I would say life. How I experience it, obviously, because I’m in my own skin. Sometimes I’m in awe of how people respond. For example, the Wendt Center is so gentle and calm and that is something new to me. I’m not used to that. Maybe the Board meeting of my building. Board members are talking about difficult subjects and residents are complaining and the Board members are able to keep their cool. That amazes me. What people make. The red string with the birds on it [from Mourning Morning], somebody made that. It’s kind of interesting because I would never think to attach a bird from a string, it’s kind of neat. The way people look. The ways people do things. Nature. I guess I rely on my eyesight a lot I realize because I’m doing work now I realize with other people and other estates—virtual work. We’re on phone calls and I don’t see them. So, I rely on my eyesight a lot.
When people view Mourning Morning or some of your other work, what would you like them to take away?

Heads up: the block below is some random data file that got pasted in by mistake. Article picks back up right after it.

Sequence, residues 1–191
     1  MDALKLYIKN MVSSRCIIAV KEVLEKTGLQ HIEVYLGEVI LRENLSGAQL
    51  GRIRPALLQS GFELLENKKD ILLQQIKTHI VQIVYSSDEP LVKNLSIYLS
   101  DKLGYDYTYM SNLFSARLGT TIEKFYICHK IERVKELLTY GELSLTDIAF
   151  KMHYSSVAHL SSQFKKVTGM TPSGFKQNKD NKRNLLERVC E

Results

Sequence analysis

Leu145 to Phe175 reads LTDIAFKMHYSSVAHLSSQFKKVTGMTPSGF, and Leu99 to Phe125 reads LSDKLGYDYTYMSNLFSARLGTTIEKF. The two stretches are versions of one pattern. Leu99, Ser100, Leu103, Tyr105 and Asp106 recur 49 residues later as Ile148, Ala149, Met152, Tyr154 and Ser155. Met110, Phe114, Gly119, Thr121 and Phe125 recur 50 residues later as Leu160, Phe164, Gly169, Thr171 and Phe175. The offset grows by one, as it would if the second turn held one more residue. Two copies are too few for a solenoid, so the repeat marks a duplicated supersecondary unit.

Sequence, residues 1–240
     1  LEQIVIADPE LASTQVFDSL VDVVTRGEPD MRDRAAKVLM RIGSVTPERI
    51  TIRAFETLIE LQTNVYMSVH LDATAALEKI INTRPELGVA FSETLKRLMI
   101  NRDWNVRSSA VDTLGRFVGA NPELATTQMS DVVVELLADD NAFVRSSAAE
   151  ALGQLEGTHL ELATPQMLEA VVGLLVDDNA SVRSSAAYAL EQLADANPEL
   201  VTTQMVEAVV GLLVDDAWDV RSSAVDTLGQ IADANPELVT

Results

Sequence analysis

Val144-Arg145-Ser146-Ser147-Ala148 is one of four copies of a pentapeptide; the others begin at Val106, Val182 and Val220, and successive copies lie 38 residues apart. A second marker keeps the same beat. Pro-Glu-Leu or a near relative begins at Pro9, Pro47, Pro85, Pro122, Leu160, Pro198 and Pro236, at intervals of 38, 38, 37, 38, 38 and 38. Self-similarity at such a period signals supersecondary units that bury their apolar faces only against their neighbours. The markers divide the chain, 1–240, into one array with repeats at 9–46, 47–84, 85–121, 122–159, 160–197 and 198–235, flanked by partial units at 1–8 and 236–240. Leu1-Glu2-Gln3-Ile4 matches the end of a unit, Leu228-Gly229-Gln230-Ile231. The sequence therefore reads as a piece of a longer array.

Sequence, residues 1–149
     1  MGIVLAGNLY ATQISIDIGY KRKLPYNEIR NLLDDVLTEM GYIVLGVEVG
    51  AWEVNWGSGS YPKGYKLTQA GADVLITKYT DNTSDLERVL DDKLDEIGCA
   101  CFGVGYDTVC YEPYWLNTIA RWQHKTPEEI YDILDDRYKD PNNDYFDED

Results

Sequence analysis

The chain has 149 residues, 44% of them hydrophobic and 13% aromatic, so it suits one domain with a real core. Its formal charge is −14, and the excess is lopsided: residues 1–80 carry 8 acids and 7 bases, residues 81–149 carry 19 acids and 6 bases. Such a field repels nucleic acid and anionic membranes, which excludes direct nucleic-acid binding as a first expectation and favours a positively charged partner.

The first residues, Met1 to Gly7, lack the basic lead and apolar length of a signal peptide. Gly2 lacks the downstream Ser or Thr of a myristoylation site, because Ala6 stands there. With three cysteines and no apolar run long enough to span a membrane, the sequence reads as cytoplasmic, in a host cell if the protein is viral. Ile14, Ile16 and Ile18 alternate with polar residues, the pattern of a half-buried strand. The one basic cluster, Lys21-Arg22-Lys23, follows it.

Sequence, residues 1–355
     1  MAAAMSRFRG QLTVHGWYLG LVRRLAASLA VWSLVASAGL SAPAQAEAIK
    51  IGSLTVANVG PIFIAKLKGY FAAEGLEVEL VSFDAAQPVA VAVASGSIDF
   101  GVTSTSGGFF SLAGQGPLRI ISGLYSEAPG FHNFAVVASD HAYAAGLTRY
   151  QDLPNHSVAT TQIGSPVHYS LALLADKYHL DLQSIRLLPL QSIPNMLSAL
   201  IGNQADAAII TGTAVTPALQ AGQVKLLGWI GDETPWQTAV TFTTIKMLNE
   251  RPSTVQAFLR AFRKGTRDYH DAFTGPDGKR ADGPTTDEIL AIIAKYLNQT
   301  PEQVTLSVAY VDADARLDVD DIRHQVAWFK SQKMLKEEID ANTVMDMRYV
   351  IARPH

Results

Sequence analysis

Thanks for that question. The reason why I want my art to be shown, because I make art for me, is because sometimes I will make something and think, “Oh my gosh, I didn’t know that’s what I was thinking about.” And I’ve seen other people’s art where I’ve been like, “Oh my gosh, look at that.” When I see somebody else’s art, I can’t put it into words, but something happens to me and I see a clarity about something. So with my art, I would like to help people answer any questions they might have. Or have a straighter road to what they’re doing. Get a sense of peace. Or get a question answered. Have some kind of insight or see something they didn’t see about themselves. To find acceptance and love for themselves. Basically higher awareness—more awareness.
That’s my aim. (Laughs.)